Last night I went to the Des Moines 48 Hour Film Festival with my wife and a group of other friends. Hollywood it wasn’t, but I was treated to a wonderful batch of original short films by some of Des Moines’ finest.
Some were funny,
Some were touching,
Some were weird,
Some were just plain awful.
Before we left the historic Fleur Cinema, I was struck with a thought: “These people are making it happen.“ Regardless of the artistic merit of their film, they took a chance and created something that did not exist before. They assembled teams, all of various sizes and skill levels, picked a genre, and then made a film in 48 hours (or less.) They acted on their passions instead sitting on their haunches, waiting for the film to make itself.
The film makers had a dream (more than one of them mentioned pursuing a film career full-time would be a “dream come true“) and they did something about it. It left me feeling overjoyed (for them) and convicted (for me). I felt convicted because I couldn’t remember the last time I took a chance like that, putting all my skills, talents, hopes and dreams on the line without knowing the ending.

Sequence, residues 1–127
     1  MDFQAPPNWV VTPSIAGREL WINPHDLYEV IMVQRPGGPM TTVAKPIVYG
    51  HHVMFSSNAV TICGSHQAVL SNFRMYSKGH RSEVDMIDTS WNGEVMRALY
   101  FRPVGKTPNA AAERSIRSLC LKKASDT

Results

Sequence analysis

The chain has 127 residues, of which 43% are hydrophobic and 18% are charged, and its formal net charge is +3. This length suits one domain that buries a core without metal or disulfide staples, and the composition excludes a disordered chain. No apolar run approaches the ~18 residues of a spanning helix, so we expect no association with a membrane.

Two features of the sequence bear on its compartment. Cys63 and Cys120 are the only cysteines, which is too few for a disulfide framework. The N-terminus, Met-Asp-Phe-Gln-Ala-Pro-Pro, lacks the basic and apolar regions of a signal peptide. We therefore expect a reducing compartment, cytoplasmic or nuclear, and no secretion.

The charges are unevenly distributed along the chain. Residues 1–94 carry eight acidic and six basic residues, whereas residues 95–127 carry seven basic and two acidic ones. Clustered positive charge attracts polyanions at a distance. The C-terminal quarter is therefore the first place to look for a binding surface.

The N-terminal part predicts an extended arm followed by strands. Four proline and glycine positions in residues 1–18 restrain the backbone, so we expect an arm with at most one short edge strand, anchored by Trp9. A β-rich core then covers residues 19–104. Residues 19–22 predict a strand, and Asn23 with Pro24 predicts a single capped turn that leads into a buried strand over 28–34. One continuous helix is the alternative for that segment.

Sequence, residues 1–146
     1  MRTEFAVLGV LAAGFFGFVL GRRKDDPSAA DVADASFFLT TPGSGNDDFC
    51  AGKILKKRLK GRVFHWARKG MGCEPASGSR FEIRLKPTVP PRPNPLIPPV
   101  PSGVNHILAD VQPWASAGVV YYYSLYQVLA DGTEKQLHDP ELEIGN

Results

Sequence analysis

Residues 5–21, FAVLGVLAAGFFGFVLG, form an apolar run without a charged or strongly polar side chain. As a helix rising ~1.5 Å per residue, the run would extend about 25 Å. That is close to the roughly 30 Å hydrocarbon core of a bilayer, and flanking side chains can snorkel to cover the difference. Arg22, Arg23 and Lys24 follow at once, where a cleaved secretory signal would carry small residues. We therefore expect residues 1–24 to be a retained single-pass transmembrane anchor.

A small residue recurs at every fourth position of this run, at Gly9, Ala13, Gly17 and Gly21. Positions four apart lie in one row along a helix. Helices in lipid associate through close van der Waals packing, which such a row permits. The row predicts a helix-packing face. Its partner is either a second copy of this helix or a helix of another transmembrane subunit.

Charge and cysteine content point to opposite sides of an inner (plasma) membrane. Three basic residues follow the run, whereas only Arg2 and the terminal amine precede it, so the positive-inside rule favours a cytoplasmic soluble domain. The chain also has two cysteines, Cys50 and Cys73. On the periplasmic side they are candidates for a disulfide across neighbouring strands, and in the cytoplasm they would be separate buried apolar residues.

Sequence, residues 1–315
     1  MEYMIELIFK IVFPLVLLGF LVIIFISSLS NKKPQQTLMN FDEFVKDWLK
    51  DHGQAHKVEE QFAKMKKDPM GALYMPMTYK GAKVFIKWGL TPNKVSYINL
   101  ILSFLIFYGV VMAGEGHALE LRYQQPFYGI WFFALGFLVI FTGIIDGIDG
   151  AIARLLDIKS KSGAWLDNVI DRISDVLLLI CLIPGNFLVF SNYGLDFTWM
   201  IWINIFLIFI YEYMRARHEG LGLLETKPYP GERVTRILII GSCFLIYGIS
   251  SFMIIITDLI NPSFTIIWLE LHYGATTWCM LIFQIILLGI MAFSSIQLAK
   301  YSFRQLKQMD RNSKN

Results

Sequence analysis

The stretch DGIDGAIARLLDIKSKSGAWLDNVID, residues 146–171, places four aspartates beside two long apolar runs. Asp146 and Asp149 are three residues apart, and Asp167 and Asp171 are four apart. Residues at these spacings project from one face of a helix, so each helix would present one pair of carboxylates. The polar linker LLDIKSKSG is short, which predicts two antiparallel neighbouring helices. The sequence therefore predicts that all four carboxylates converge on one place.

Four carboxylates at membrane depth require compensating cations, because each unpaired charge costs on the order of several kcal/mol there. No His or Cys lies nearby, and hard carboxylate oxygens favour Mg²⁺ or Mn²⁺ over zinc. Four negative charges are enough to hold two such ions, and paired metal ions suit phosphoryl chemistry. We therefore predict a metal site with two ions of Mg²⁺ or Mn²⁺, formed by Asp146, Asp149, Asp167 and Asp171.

Without knowing what people would think.
Without knowing how the bills would get paid.
Without worrying if it was “Christian” enough.
I determined that I’m tired of being stuck on the sidelines. I’m tired of hiding inside of my holy huddle, pretending to close my eyes to all the beauty and light and life I see around me in the lives of people who don’t go to church. I’m tired of thinking in “Us” (Christians) vs. “Them” (non-Christians) categories. It’s not that I don’t want to be a teetotaler, it’s just that I can’t.
Some of the films last night were crude, lewd, and non-sensical. I blushed at a few of them. The filmmakers cussed. And I’m pretty sure that one of the film’s entire crew was high for most (if not all) of the process. But for some reason, I felt more “ministered to” by the passion of these filmmakers than I have anything else in quite awhile. How does that work? I don’t know.